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Memory Tree by Raphoe Men’s Shed (Donegal)

The Men’s Shed in Raphoe, Co Donegal, responded to our invitation to create a space to take grief and loss with a response that was simple yet powerful. They created a Memory Tree as a fixed point within their workshop to share personal memories and messages as tributes to loved ones who have died.  

Inspiration came from the Shed wanting to acknowledge a universal truth, that was driven home during the pandemic in all its guises:  

Sometimes you don’t know the value of a moment until it becomes a memory. 

Memory Tree Men's Sheds members

We all suffer losses and grief.  Personal and public. Big and small. Ones we have learnt to live with. And ones that unexpectantly took our breaths away. It could be the loss of a loved one. The loss of time spent with loved ones, as with Covid. It could be about a person, place, a pet, or a moment in time. 

Memory Tree photo and tags
Creating a memory

Raphoe Men’s Shed extended an invitation to everyone in the community to come to the Shed and hang their own label on the Memory Tree.  Rebecca McLaughlin, Health and Wellbeing Manager at Irish Men’s Sheds said:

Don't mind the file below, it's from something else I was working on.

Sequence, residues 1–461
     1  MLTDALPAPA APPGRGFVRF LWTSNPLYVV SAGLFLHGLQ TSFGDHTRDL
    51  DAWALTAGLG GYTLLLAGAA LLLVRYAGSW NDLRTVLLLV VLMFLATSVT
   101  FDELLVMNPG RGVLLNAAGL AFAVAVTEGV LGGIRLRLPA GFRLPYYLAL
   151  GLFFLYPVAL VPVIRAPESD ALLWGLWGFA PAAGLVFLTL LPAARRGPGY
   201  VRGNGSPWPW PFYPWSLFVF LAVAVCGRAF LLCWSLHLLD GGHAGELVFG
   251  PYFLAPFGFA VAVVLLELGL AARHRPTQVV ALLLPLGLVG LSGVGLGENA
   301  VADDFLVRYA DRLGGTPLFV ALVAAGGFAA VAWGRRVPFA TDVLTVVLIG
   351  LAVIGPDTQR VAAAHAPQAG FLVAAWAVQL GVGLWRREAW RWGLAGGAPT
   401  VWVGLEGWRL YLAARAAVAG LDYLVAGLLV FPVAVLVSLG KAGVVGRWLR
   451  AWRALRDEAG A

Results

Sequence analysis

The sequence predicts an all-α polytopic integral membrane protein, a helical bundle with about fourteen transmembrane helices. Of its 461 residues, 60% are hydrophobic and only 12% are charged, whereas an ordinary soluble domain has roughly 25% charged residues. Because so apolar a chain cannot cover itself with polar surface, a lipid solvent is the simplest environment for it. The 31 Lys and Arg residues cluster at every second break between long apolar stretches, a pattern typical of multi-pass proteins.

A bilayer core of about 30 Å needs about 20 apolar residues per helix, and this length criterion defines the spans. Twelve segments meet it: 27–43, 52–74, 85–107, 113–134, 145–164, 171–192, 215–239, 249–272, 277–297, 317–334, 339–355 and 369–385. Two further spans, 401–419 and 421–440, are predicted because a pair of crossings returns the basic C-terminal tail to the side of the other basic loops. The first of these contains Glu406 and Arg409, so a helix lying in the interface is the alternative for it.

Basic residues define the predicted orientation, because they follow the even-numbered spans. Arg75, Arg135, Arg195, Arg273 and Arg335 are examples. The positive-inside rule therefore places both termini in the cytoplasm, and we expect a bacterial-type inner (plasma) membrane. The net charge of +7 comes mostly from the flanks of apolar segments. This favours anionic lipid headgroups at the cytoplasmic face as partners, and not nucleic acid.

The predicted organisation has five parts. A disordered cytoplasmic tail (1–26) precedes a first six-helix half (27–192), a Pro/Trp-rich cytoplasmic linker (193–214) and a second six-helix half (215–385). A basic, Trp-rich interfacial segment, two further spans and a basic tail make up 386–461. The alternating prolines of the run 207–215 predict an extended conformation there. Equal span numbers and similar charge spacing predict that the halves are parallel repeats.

“The physical and practical tribute of decorating this Memory Tree can help people make sense of their loss by translating it into something tangible and act as a focus point for starting conversations around things that may be difficult to express in relation to loss.” 

Dominic Campbell, our Arts and Creative Engagement Lead, said:     

“Although not a real tree, inspiration also came from understanding people who suffer a bereavement, and connect with nature in some shape or form, often describe it as a very cathartic and healing experience.” 

memory tree

As these beautifully touching images testify, Raphoe’s Memory Tree is a simple yet powerful space for people to take grief to, and one that could easily be replicated that can help solidify sorrow into something of substance that is easier to confront and talk about. And talking, as we all know, can be the most cathartic and healing experience there is. 

Our Memory Tree
Taking photo of the Memory Tree
Memory Tree messages

Photos: Martin Fleming